Genesis has not been around all that long, spun off in 2015 by borrowing the name of parent company Hyundai’s Genesis sedan, and in those short few years it has managed to carve out a niche for itself just as a couple of much older competitors from Japan, themselves luxury divisions of established automakers, seemed to stumble in an otherwise booming economic environment. And in another few years, Genesis will seek to reinvent itself again as it drops development of new internal combustion cars, racing to embrace the age of electrification far quicker than many of its more conservative competitors. It’s a daring plan, as the brand will be just a decade old when it intends for all of its new models to be electric-only.
Coming off the reveal of the GV60 crossover—its first electric model—the automaker laid out its electrification strategy in a short film previewing its plans for the future, as well as its first electric crossover that will arrive well before 2025.
“Our new electric lineup is the perfect platform to increase our interface with our customers,” said Luc Donckerwolke, chief creative officer at Genesis. “We aim to interact with all their senses. Our new architecture will integrate audacious technologies with breathtaking designs while providing sincere detail-oriented experiences. Warm and exquisite care will be our differentiator.”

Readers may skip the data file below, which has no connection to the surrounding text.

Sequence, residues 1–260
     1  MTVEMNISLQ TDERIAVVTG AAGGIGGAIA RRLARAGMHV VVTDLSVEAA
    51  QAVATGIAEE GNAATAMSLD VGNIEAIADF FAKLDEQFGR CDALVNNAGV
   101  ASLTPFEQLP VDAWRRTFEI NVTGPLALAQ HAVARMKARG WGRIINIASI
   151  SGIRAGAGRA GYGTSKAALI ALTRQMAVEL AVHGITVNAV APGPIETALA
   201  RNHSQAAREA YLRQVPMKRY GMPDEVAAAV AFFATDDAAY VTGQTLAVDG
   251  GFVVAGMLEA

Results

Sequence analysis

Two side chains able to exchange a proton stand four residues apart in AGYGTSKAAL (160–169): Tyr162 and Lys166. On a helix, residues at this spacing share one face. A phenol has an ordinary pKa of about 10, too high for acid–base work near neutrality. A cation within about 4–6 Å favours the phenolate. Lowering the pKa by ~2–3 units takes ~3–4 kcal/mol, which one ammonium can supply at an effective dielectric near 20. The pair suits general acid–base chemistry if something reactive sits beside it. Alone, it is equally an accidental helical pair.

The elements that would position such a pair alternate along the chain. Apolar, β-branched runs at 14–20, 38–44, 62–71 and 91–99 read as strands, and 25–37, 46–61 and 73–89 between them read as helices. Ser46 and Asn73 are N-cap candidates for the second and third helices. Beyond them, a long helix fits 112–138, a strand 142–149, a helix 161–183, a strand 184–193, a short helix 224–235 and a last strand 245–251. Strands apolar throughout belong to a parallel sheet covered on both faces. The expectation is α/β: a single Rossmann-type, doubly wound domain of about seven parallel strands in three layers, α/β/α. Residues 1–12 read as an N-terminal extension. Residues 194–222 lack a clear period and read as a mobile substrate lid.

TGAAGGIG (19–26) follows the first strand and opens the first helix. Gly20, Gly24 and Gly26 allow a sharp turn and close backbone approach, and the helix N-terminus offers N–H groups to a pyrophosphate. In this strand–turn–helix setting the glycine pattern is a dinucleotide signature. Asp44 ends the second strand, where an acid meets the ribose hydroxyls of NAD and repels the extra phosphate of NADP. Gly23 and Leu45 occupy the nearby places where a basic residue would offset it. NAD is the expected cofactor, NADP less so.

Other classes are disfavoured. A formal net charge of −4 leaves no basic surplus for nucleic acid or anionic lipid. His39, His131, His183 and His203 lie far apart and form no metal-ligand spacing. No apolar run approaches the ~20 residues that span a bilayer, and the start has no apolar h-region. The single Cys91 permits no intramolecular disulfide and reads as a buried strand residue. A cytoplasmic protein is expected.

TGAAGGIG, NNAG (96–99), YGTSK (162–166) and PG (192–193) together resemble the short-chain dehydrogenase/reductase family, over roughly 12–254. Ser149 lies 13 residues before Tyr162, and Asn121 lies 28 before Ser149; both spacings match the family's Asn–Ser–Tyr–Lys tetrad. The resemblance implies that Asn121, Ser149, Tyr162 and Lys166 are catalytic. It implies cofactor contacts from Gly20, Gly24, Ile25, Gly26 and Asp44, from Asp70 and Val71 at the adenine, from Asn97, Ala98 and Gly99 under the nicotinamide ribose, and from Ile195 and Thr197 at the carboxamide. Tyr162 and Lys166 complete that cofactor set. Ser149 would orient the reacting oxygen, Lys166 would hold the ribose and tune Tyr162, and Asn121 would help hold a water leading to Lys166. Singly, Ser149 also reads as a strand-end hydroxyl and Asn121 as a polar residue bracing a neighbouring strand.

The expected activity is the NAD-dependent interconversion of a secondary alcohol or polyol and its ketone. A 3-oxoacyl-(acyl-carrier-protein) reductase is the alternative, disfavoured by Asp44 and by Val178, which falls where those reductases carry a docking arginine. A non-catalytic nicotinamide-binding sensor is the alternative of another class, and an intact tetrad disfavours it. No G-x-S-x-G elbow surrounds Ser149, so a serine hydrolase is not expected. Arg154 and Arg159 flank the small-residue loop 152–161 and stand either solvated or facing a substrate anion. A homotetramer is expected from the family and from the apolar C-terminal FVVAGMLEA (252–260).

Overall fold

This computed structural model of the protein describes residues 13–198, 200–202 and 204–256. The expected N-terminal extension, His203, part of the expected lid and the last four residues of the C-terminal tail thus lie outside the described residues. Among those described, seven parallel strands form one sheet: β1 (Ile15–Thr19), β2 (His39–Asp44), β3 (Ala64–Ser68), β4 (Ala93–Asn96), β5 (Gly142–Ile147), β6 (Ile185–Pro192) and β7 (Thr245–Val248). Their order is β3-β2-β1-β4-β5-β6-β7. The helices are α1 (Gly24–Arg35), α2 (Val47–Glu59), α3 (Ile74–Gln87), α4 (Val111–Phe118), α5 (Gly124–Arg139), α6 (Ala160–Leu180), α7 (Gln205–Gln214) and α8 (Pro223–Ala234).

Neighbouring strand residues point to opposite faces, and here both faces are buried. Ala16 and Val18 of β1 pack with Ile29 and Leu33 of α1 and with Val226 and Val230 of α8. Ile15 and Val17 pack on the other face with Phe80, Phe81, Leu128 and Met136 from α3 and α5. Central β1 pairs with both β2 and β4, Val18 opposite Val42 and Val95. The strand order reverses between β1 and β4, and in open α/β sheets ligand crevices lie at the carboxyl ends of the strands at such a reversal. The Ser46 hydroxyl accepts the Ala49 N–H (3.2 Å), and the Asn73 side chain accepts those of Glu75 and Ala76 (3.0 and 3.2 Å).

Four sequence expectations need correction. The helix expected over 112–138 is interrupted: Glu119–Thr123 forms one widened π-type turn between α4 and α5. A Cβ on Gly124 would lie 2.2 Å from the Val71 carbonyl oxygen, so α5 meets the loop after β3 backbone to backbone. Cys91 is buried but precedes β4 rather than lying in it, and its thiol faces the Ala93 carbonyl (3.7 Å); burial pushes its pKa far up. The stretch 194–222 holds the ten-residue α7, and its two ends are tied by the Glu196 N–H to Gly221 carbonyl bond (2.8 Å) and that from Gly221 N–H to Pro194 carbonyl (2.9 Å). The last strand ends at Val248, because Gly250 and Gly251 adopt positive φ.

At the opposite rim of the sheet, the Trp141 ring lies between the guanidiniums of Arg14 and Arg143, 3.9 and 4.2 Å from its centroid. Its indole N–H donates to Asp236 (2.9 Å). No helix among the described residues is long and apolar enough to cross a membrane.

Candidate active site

Of course, in terms of timing non-electric Genesis models will remain in production for a few years after 2025, so there will still be some gas-engined models buyers will be able to take home from the dealership, with the brand aiming to become entirely zero-emission by 2030. That’s when production of the remaining gas-engined models is expected to end. By that time, Genesis plans to have a lineup of eight models, with an aim to achieve sales of 400,000 units per year.
Electric drivetrains aren’t the sole direction that Genesis intends to pursue in the coming years—hydrogen will play a role as well. We have Hyundai/Kia’s longtime interest in fuel cells to credit for this, interest that is showing no signs of fading as a couple of other early FCV champions are seemingly getting cold feet.
“To drive the shift to electrification, Genesis will focus on a dual electrification strategy involving fuel cell and battery EVs,” the automaker said. “Genesis will put an effort on developing pure electric technologies such as new fuel cell systems with higher power output, and electric systems that help improve efficiency. In addition, Genesis will devote itself to building next-generation technology that draws better performance and efficiency from lithium-ion batteries.”
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